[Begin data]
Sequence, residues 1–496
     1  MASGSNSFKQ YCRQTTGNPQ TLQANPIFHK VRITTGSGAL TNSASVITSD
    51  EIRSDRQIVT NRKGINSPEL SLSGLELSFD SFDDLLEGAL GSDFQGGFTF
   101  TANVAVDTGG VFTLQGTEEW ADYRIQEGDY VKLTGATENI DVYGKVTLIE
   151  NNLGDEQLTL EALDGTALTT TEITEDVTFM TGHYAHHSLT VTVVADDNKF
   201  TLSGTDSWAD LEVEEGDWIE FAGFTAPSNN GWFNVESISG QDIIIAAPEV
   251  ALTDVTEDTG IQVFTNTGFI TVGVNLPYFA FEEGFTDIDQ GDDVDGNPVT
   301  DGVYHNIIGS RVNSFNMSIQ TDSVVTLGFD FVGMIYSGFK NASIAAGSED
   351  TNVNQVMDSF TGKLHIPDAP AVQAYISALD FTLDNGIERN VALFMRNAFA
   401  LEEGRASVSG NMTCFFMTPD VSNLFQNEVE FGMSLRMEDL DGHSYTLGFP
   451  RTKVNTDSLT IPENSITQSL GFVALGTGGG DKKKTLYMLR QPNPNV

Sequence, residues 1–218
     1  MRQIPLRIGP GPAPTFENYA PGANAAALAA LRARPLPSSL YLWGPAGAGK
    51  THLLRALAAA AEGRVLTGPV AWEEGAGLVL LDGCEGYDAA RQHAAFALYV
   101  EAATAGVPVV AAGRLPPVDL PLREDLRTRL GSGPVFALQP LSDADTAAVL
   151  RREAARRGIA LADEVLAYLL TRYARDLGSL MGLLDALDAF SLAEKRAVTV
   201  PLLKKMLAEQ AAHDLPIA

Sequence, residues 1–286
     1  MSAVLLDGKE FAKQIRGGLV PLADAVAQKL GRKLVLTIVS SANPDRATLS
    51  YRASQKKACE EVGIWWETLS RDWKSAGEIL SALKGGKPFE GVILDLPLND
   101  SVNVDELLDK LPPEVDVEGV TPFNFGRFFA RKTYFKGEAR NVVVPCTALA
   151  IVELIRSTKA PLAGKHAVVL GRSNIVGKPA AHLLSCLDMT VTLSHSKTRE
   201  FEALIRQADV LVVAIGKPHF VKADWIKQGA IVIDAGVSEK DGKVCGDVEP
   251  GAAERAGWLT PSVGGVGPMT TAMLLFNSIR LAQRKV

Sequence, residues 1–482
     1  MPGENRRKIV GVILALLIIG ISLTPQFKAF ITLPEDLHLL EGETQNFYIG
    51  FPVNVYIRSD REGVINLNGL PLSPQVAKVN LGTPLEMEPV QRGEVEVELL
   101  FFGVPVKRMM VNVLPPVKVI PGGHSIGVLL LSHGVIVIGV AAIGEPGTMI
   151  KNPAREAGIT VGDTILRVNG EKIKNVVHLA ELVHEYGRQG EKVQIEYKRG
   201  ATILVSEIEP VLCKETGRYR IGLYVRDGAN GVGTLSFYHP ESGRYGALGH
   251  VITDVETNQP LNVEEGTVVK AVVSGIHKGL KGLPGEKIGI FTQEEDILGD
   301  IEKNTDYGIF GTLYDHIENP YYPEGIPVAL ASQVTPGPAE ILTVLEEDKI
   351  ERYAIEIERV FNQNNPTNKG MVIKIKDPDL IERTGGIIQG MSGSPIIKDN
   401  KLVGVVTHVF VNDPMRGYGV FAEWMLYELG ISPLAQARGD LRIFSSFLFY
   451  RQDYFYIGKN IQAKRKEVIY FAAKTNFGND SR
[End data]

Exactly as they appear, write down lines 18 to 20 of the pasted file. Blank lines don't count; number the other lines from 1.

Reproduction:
Sequence, residues 1–286
     1  MSAVLLDGKE FAKQIRGGLV PLADAVAQKL GRKLVLTIVS SANPDRATLS
    51  YRASQKKACE EVGIWWETLS RDWKSAGEIL SALKGGKPFE GVILDLPLND